A picture is worth a thousand words…so use them!
If you work on material takeoffs and estimating or do any other work with the construction industry, you’ve likely been more than one situation where there was confusion or uncertainty about the plans, materials, or terminology for a project. Maybe it’s an atypical condition in the plans, or a particular usage of materials, or even a terminology question, you’re not the only one who might need clarification. There are even plenty of situations where the building plans themselves lack certain details or might be wrong.
These potential points of confusion can easily be mitigated by including pictures and images to communicate. As a result you can save everyone involved the hassle of extra emails and phone calls.
Mud sill, sill plate? Same Material.
Estimating and takeoff software like PrebuiltML makes this exceptionally easy for estimators. We started as an estimating company, so we know the value of efficient communication. Our software in particular makes it easy to tag a material with a note and then attach an image to properly clarify a detail. Whether that image is a reference to something from the plans or even just an image from Google, it will help clarify exactly what you’re referencing and leave little room for doubt.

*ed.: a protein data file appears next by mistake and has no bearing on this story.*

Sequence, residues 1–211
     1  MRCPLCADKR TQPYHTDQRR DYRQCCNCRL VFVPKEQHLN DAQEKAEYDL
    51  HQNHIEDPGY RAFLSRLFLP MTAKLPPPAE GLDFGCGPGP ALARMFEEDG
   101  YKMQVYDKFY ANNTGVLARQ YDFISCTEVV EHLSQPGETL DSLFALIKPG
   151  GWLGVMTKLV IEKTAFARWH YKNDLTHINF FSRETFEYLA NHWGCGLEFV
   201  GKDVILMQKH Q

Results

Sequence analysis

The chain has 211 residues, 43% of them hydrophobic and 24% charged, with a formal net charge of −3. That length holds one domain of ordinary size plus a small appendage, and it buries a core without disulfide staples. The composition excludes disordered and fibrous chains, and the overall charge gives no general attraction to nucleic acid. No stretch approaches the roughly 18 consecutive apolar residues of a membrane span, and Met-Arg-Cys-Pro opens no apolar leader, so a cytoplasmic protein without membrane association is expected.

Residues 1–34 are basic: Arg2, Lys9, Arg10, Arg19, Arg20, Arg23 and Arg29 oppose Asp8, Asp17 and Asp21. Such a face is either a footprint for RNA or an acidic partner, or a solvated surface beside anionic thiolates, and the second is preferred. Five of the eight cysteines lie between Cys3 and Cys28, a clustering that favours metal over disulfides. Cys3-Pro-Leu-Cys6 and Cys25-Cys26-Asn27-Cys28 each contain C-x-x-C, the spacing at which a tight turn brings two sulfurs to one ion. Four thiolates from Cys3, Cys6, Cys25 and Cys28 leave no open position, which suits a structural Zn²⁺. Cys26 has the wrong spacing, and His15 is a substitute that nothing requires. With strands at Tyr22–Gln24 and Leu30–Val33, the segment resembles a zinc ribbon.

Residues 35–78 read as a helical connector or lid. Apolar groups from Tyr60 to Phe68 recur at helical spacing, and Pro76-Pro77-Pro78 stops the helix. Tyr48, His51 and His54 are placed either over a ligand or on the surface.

With just one click you can even append a full detailed image glossary that references the application and material terminology used in your list so that your list can be universally understood by whoever is reading it.
Similarly, there may be occasional situations where you’re working on a roof system only to find that the plans themselves reference a roof with incorrect geometry or insufficient information to get a proper estimate. With a quick snapshot of the roof in the 3D viewer, you can demonstrate the problem and ensure that you’re not sending out the wrong materials.
Framing Layouts are another key to communicating information effectively. Including these in addition to a material list ensures that all the materials are mapped out and used correctly saving material costs and wasted time.
So drop the communication breakdown and proactively use pictures to explain your work. Anywhere there might be doubt about an application or usage of a material, or specific conditions, or even terminology confusion, a picture can clarify everything at a glance. What’s there to lose?